Thanks to a strong pitching performance by starter Corey Kluber (6.2 IP, 9 H, 2 R, 9 K, 0 BB) and a five-run seventh inning featuring home runs from Michael Brantley and Mike Aviles, the Indians beat the Tampa Bay Rays on Friday, 6-3.
The Rays got their share of hits off Kluber, including two doubles, but they weren’t able to string enough of them together to do any serious damage. Kluber’s rockiest inning came in the fifth, when two singles and David DeJesus’ second double increased Tampa Bay’s lead to 2-0, with runners on second and third. If the next batter, Ben Zobrist, had gotten a hit, the Rays would have been up 4-0. But Kluber got Zobrist to hit a routine grounder to second base to end the inning.
In the sixth inning, Asdrubal Cabrera, whose batting ability I scorned the last time I posted here, homered to make the score 2-1. In the seventh inning, the Tribe bats really came alive. Brantley led off with a homer to tie the score. Later in the inning, a Carlos Santana walk, followed by singles from Cabrera and Yan Gomes, gave the Indians a 3-2 lead. With Cabrera and Gomes on base, Goon Squad member Mike Aviles homered to left, making the score 6-2.
I like it when the Indians can take a four-run lead into the ninth inning. I have come to think of such games as being Axford-proof, meaning that as it is a non-save situation, there is little or no chance of Indians closer John Axford coming out to pitch in the ninth. Oh, how naive I was to think so! Because lo, Terry Francona did in fact bring Axford out to pitch the ninth. Ax started out great, getting each of the first two Rays out on called third strikes.
But then Bad Things began to happen. Logan Forsythe doubled, and Ryan Hanigan walked on four straight pitches. Axford went 3-0, then 3-1, on the next hitter, DeJesus, who hit Axford’s fifth pitch for his third double of the game, scoring Forsythe and advancing Hanigan to third, and bringing the tying run to the plate in the presence of Zobrist. Axford greeted him with three straight balls, then got the count to 3-2. Zobrist fouled off a few before taking ball four, thus loading the bases and making Kluber, watching the game from the dugout, very nervous. Axford had already cost Kluber two victories, and it looked like he was on the way to making it three.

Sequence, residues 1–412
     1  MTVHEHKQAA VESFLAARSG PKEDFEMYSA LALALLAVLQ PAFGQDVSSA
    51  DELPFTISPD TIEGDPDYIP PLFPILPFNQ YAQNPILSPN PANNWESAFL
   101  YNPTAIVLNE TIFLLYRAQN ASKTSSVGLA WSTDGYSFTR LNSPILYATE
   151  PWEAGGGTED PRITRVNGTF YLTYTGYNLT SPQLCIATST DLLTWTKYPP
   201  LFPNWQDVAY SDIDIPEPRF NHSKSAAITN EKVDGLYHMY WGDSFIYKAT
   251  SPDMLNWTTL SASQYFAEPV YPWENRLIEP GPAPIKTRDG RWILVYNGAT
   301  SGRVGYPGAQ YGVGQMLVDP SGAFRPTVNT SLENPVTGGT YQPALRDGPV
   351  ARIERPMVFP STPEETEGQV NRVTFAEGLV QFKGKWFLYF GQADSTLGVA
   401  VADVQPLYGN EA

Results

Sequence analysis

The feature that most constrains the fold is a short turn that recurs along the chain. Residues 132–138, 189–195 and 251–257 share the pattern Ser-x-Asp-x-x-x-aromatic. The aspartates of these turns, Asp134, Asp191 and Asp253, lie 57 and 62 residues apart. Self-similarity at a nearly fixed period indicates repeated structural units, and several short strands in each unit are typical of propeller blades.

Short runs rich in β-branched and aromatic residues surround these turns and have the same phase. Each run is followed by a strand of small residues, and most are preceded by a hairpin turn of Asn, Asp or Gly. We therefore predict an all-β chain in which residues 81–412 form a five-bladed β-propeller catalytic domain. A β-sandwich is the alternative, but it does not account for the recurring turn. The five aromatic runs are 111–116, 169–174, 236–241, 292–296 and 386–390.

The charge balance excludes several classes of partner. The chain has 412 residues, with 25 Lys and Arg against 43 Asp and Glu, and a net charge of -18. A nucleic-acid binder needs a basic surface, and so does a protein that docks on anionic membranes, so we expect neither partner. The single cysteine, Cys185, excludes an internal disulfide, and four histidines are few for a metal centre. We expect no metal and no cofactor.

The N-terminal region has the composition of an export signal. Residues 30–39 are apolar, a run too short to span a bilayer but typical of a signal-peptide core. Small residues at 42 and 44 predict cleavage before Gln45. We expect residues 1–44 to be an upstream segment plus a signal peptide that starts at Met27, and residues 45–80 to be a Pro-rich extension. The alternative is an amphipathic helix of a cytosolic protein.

But Francona had finally seen enough, and took Axford out in favor of Cody Allen. With a full count, and after fouling off a couple of pitches to add to the drama, James Loney finally hit a fly ball to right for the 27th out.
What to do about Axford? As Hank Hill would say, that boy ain’t right. At times he simply can’t find the strike zone, which causes him either to walk batters, or to throw a pitch down the middle of the plate, where it can be hit for extra bases. And you can’t have that, not if you want to be a closer. I applaud Francona’s decision to use him as he did, figuring that Ax would benefit from working in a low-stress situation. But it nearly backfired, and Francona, rightly, didn’t trust Ax to get that last out. If it were up to me, I wouldn’t bring Axford on in a save situation for a while.
Since I bad-mouthed Cabrera the other day, he’s been on somewhat of a tear, going 9 for his last 11 at-bats, including three doubles and two home runs. I can’t take any credit for this reversal of fortune, but I’m thinking about doing so anyway.
The two teams face off again today at 7:10 PM. Zach McAllister gets the start for the Indians, and Erik Bedard will pitch for the Rays.